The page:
‘Migration is not a human right’: Chile declines to sign UN pact

Santiago:  Chile has become the latest country to pull out of a controversial United Nations migration pact, its Interior Ministry indicated, provoking fury among opposition parties who accused Sebastian Pinera’s government of “shameful and authoritarian” behaviour.

Rodrigo Ubilla, Chile's Interior Ministry sub-secretary, told Chilean Sunday paper El Mercurio in an interview that the country's representatives would not attend the event to adopt the pact early next week in the Moroccan city of Marrakesh.

A man shouts anti-migrant slogans as a pro-migrant protester argues with him in Santiago, Chile, last month.Credit:AP

"Our position is clear," he said. "We have said that migration is not a human right. Countries have a right to determine the entry requirements for foreign citizens."

The ministry did not immediately respond to a request for confirmation of the policy.

The migration pact addresses issues such as how to protect people who migrate, integrate them into new countries or return them to their home countries.

Members of the group RASH–SHARP Santiago ANTIFA (Anti-Fascism Action) attend a march in favor of migrants, organized by the National Immigrants Coordinator, in downtown Santiago last month.Credit:AP

It is non-binding but has met fierce resistance from governments including the United States, Austria, Hungary and Poland who frame it as encouraging migration.

If confirmed, Chile's refusal to sign reflects its hardening stance towards migrants whose population has grown fivefold in 30 years amid influx from Venezuela, Haiti, the Dominican Republic and Colombia, among other Latin nations.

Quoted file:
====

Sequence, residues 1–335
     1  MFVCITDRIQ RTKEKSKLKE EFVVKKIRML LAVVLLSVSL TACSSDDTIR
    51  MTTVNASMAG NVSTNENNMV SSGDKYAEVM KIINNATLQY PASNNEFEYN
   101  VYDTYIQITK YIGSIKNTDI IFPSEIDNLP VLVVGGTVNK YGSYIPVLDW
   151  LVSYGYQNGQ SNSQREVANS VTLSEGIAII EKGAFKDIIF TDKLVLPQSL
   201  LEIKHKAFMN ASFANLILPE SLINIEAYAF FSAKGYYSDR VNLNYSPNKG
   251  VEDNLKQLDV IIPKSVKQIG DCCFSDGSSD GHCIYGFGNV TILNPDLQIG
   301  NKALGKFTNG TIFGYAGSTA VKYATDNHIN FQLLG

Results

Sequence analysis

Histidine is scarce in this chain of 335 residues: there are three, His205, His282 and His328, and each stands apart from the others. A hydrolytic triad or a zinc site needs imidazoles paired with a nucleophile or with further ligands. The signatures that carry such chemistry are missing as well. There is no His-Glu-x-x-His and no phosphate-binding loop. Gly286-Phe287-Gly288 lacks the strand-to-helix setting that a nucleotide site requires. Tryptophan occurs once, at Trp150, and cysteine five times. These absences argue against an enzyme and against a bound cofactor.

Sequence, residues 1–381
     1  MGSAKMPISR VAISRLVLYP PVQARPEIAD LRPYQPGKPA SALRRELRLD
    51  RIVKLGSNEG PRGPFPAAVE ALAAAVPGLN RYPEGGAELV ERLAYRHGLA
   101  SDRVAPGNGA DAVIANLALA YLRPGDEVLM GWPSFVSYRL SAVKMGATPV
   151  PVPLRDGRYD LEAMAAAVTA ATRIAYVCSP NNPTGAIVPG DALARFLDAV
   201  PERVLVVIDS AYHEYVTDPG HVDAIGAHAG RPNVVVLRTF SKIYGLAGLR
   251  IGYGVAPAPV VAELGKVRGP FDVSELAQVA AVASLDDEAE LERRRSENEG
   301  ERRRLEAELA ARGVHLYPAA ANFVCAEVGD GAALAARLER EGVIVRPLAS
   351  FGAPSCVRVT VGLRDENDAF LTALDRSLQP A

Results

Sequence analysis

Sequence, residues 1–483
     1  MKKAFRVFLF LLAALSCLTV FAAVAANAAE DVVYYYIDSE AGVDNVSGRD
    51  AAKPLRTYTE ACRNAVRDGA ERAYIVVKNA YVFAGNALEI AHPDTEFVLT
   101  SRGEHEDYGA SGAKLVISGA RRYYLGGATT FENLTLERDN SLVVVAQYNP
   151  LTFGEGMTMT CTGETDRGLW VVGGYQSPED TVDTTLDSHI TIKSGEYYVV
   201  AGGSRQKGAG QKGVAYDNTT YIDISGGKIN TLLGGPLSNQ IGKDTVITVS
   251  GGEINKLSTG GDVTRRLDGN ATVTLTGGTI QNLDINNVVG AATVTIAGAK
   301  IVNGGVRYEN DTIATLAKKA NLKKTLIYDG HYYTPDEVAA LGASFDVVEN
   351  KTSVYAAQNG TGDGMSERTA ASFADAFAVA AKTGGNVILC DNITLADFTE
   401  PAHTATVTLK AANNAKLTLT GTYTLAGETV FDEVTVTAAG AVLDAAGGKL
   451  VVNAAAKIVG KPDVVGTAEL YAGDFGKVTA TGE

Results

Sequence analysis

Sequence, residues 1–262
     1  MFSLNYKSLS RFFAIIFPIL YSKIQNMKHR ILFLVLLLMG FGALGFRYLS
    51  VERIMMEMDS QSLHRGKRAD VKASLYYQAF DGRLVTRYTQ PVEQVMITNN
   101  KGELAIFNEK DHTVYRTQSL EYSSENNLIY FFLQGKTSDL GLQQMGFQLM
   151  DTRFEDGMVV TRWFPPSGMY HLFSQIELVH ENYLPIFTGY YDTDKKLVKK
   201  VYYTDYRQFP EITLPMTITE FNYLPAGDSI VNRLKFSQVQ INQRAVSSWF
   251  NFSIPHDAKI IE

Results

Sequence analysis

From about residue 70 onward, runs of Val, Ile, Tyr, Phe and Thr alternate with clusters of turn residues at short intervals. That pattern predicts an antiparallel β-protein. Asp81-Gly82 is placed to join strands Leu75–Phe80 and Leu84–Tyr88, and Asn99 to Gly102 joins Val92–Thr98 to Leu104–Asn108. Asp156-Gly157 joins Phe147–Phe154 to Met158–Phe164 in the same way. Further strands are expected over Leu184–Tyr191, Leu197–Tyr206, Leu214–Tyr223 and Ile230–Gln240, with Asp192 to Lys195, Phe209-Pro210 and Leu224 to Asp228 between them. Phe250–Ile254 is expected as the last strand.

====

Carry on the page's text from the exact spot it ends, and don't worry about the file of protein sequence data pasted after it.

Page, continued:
Centre-right Pinera’s government came to office in March on a promise to enforce stricter measures. In recent months, it as put on “repatriation” flights for Haitian migrants wanting to come home, tightened visa controls and deported migrants with criminal records.

Ricardo Lagos Weber, the president of the foreign affairs commission for the Chilean Senate, summoned Foreign Minister Roberto Ampuero to explain the closed-door decision.

"This is not a great way to find out about a subject of such tremendous importance," he told El Mercurio. "I understand that foreign policy is led by the President of the Republic but we could at least discuss it."

Hugo Gutierrez, a human rights lawyer and Communist Party legislator, wrote on Twitter that Chile was advancing down "the ultra-right path of Trump, Netanyahu and Bolsonaro,” referring to the US, Israeli presidents and Brazilian president-elect.

Chile's Progressive Party described the Pinera government decision as "shameful and authoritarian".

Amnesty International said it was alarming. "Chile was an active part of this pact's negotiations and was considered one of the states that favoured its implementation," Ana Piquer, Amnesty's executive director in Chile, told La Tercera newspaper. "The last-minute decision not to participate in the Morocco summit seems a step back on its promise of affording rights to migrants."


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